SSG John Gemborski

The grave of SSG John Gemborski was adopted by Egid Schoonbrood and Monique Zenden in early 2006. They received basic information about SSG Gemborski from the Foundation for Adopting Graves at the American Cemetery in Margraten and began an intensive search online to find out more about John.


Through a US website, Egid learned that John was married and that his sister-in-law was still alive, but by the time Egid found out her address in 2008, she was decreased. That same year, Egid and Monique found out that a gentleman from Poland was looking for those who had adopted the grave of John Gemborski. It turns out this gentleman, Janusz Gęborski, is related to John: the father of Janusz and John were brothers. John’s father fled to America in his early years, as his marriage was not accepted by the family. The orginial last name is Gęborski, but became Gemborski in the States. Janusz and his wife Marila attend the Memorial Eve Dinner in Maastricht with Egid and Monique and a day later the Memorial Day Ceremony at the Netherlands American Cemeterey in Margraten. They have been in touch ever since. Later, Janusz also found family in Hawaii and Japan. In 2014, Egid and Monique visited Poland, where they were welcomed with open arms. The two familes are now connected through a member of the Army Air Forces: SSG John Gemborski.


SSG John Gemborski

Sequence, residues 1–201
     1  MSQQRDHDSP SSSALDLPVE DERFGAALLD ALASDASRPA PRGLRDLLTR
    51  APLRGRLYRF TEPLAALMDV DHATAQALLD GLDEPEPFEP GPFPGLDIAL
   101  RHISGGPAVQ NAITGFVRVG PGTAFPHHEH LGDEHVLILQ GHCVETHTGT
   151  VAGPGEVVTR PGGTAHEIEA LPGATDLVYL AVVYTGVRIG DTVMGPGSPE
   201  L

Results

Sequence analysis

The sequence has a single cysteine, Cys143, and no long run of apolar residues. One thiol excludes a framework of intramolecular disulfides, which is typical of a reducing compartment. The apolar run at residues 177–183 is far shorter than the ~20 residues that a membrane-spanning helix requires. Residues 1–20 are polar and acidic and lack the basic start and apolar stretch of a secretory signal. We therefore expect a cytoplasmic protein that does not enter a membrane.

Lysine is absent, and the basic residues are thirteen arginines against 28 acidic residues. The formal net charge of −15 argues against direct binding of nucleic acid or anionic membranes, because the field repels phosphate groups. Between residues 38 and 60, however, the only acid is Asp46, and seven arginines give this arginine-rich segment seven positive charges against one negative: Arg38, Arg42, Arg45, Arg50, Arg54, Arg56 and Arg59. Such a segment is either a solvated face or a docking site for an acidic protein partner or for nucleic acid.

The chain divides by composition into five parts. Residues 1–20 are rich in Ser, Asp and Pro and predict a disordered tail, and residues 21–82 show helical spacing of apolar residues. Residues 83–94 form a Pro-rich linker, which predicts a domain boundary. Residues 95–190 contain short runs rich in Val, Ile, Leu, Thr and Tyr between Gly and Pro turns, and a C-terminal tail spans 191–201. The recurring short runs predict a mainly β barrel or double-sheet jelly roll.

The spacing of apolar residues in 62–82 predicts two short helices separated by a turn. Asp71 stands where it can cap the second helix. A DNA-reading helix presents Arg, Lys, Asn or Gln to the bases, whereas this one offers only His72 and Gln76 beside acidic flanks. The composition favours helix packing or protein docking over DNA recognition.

NAME: John J. Gemborski
SERVICE # 36608853
STATE: Illinois
SERVICE: Army Air Forces
RANK: Staff Sergeant
REGIMENT: 306th Bomber Group, Heavy, 368th Bomber Squadron
WAR: World War II

★ Air Medal
★ American Campaign Medal
★ World War II Victory Medal

CASUALTY DATE: 22 April 1944

BURIAL: Plot M Row 4 Grave 6, Netherlands American Cemetery, Margraten, Netherlands

His story

This is SSG John Gemborski’s story:

Stephen was born in 1920 in Illinois. At that time his father, Włodzimierz, was 33 and his mother, Zofia, was 21. His parents had immigrated to the States from Poland to become naturalized citizens in the United States. John was the oldest of three children. His two younger brothers were Raymond and Chester. According to the 1940 United States Federal Census, the then 20-year old John lived at home with his parents and brothers. He attended college.

In July of 1942, John married Helen Lasota. During WWII, SSG Gembroski served in the 306th Bomber Group, Heavy, 368th Bomber Squadron. He was a waist gunner on a four-engine heavy bomber B-17 called “Rationed Passion”, tail number 42-30782.